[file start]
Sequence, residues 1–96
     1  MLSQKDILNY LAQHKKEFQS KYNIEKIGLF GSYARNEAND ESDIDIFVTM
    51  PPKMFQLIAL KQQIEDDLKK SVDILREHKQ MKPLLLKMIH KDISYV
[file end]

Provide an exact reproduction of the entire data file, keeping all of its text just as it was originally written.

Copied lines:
Sequence, residues 1–96
     1  MLSQKDILNY LAQHKKEFQS KYNIEKIGLF GSYARNEAND ESDIDIFVTM
    51  PPKMFQLIAL KQQIEDDLKK SVDILREHKQ MKPLLLKMIH KDISYV